The measure is on its way to a final vote in the House.

Hawaii legislators hope to attract the multibillion-dollar mixed martial arts Ultimate Fighting Championship to the state by creating a new Combat Sports Commission this legislative session with the belief that it will provide legitimacy to the industry through stringent oversight of all future mixed martial arts events. 

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Senate Bill 1027 would create the new commission under the state Department of Commerce and Consumer Affairs. The idea is that the commission would have stricter regulations than the state’s current Mixed Martial Arts Program.

Sen. Lorraine Inouye, who introduced the bill, said the formation of the commission will encourage fighting promotions like the UFC to come to Hawaii.

Inouye said Hawaii will benefit if this commission is set up and pointed to the global appeal that MMA has at the moment. 

“There are so many different combat styles,” Inouye said. “It is very active on television right now. Events are scheduled throughout the country and throughout the world.”

“Hawaii should be able to support bringing in events like this for the population that enjoys watching martial arts,” she said.

Neal Blaisdell Arena outside.  27 march 2015. photograph Cory Lum/Civil Beat
Lawmakers want to create a new sports commission in the hope that it would attract fighting promotions like the UFC. (Cory Lum/Civil Beat/2015)

Combat sports commissions regulate competition to guarantee safety and fairness. Commissions issue licenses to and regulate the conduct of contestants, judges, coaches and promoters, as well as perform tests to make sure illicit substances are not being used by contestants. 

“We have never been able to host any event,” Inouye said. “They don’t want to come here because there is no commission set up, and in the country, commissions are set up in most of all the states.” 

Bellator MMA, a smaller mixed martial arts promotion organization, has hosted events at the Neil S. Blaisdell Center that drew crowds large enough for the Legislature to take notice of the potential revenue stream that combat sports can provide the state.

The formation of the Combat Sports Commission would not guarantee that UFC or other big promotional organizations will bring their events to Hawaii. Other than the lack of a large sporting venue, there is currently nothing stopping the UFC from hosting an event in Hawaii. 

James Skizewski, the Mixed Martial Arts program’s executive officer, told House lawmakers during a recent hearing that according to his conversations with event providers and event promoters, the UFC’s absence in Hawaii is related to venues, not the configurations of a commission.

SB 1027 passed the House Finance Committee on March 29 and is facing a final vote in the House in the coming weeks.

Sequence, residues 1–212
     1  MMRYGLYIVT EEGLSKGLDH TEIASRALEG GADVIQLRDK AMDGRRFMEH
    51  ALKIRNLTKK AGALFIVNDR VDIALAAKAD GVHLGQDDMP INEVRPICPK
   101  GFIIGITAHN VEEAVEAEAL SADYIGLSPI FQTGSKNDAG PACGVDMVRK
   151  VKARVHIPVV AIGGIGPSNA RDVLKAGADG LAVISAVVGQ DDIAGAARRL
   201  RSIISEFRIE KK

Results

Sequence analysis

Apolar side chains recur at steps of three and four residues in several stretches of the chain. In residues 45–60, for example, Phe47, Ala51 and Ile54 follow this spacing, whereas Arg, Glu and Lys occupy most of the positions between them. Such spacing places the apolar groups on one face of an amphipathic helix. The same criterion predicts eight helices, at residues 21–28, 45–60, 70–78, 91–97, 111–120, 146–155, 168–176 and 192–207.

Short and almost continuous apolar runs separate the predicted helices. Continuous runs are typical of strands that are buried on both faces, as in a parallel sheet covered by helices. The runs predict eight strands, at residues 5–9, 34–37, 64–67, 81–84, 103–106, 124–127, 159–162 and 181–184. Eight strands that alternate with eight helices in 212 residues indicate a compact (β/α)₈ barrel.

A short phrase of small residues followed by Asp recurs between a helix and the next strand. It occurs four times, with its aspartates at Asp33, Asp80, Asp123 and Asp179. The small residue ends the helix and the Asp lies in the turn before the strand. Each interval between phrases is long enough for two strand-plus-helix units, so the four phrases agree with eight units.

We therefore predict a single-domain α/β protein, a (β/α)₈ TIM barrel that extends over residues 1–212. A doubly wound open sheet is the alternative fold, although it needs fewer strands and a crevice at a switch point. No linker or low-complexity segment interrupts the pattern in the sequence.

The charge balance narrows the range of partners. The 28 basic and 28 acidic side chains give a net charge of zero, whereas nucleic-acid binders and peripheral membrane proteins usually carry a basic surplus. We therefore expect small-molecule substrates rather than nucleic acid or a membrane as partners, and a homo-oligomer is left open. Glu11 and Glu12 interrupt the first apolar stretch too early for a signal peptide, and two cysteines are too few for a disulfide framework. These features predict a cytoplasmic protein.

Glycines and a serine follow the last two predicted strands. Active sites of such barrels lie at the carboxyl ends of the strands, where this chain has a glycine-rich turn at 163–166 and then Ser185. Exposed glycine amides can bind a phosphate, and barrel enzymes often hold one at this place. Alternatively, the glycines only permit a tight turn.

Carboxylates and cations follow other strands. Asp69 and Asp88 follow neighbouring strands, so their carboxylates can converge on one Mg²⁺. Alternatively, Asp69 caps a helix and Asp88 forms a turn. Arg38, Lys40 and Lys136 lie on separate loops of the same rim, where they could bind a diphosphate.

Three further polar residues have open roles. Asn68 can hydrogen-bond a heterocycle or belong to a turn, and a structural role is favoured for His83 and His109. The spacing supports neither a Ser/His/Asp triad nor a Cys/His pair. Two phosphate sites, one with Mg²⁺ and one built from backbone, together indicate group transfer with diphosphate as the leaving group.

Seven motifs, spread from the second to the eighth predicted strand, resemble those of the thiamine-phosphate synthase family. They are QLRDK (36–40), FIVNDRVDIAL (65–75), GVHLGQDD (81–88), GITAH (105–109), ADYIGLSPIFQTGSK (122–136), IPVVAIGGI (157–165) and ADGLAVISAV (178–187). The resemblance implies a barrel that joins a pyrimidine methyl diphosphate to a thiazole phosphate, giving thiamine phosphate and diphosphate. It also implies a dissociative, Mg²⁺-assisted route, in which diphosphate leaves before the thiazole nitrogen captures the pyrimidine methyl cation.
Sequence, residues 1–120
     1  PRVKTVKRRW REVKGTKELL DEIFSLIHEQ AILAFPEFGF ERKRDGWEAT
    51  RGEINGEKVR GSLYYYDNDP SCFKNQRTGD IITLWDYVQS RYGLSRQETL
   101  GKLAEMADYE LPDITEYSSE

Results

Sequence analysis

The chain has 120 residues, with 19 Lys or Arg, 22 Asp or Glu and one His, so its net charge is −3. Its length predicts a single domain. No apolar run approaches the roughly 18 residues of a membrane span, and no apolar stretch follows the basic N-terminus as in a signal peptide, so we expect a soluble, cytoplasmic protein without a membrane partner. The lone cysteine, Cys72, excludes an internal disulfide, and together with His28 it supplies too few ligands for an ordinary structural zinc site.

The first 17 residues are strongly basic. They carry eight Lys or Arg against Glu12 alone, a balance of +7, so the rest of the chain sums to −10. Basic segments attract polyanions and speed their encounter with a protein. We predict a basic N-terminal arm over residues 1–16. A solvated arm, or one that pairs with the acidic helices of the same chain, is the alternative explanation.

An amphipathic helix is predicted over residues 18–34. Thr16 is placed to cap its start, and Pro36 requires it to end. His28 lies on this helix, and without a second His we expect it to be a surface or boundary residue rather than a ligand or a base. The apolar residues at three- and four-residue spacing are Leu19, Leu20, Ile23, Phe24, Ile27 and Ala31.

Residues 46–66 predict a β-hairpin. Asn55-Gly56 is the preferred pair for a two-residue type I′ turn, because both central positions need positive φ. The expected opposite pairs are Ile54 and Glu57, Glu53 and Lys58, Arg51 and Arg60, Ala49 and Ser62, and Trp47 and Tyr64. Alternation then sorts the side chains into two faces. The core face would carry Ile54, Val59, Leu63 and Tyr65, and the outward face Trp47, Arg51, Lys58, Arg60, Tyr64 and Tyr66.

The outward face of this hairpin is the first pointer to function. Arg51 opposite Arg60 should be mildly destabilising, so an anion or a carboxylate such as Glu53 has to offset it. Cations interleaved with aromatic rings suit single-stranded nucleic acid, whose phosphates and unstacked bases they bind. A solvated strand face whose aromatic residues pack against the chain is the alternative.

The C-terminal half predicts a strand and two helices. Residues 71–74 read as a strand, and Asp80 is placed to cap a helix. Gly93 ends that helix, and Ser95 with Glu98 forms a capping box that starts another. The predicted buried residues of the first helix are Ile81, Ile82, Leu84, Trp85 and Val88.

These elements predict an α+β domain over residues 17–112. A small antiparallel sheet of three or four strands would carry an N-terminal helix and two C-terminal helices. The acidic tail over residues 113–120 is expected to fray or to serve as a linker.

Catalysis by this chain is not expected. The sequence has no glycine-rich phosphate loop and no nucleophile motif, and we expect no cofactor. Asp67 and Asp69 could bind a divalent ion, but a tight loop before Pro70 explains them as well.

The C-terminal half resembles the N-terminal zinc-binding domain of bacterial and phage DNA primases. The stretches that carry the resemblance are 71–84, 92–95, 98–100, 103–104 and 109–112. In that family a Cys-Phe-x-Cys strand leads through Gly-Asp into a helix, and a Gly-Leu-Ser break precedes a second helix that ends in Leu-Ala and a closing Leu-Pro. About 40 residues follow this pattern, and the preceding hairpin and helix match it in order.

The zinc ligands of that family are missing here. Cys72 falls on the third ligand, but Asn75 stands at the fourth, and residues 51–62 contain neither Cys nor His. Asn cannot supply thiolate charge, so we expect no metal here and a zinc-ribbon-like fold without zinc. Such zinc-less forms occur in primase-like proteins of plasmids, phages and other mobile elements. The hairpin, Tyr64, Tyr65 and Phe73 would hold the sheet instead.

The state began regulating MMA after a 2005 state auditor’s report documented that a 14-year-old boy was matched in a fight in Hawaii against a 32-year-old man.

Angela Melody Young testified against the bill citing the violence and injuries that are involved with combat sports. 

“What I am envisioning is like ‘Hunger Games,’” Young said. “They’re like killing each other, just beating each other up.” 

DCCA Director Nadine Ando also opposed the bill.

How much the commission could cost is not yet known. SB 1027 proposes to use money collected through license fees and taxes on ticket sales to fund the Combat Sports Commission.

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If enacted, the commission would consist of five members appointed by the governor. At least one of those members would need to have experience competing in combat sports. The DCCA would still oversee the accounting aspects of the Combat Sports Commission, but any regulatory responsibilities would belong to the commission. The commission members would need to be appointed by the governor.

Walt Carvalho, an experienced combat sports coach and cutman from Hilo, testified in support of SB 1027 at the House Finance Committee hearing. He said he flew in for the hearing because it was important to him. 

“We have UFC fighters that live here in Hawaii and have never been able to perform in front of their own crowd,” Carvalho said.  

Carvalho also took some time to criticize the state’s current Mixed Martial Arts Program for not reinvesting money into the sport and for not having the experience to understand the intricacies of combat sports and what is needed to regulate them properly. 

Money that is currently collected through the Mixed Martial Arts Program is placed in a compliance fund and is not reinvested in the sport, or in any explicit way furthering mixed martial arts in the state, according to the DCCA.

“You have to know what you are doing,” Carvalho said. “You can’t teach math if you’re a science teacher.” 

Carvalho said the commission should focus on establishing a foundation with smaller promotion companies, though, until it can build up to an event as large as one typically presented by the UFC.

“The UFC is not a joke. Dana White is not a joke,” Carvalho said, referencing the UFC president.

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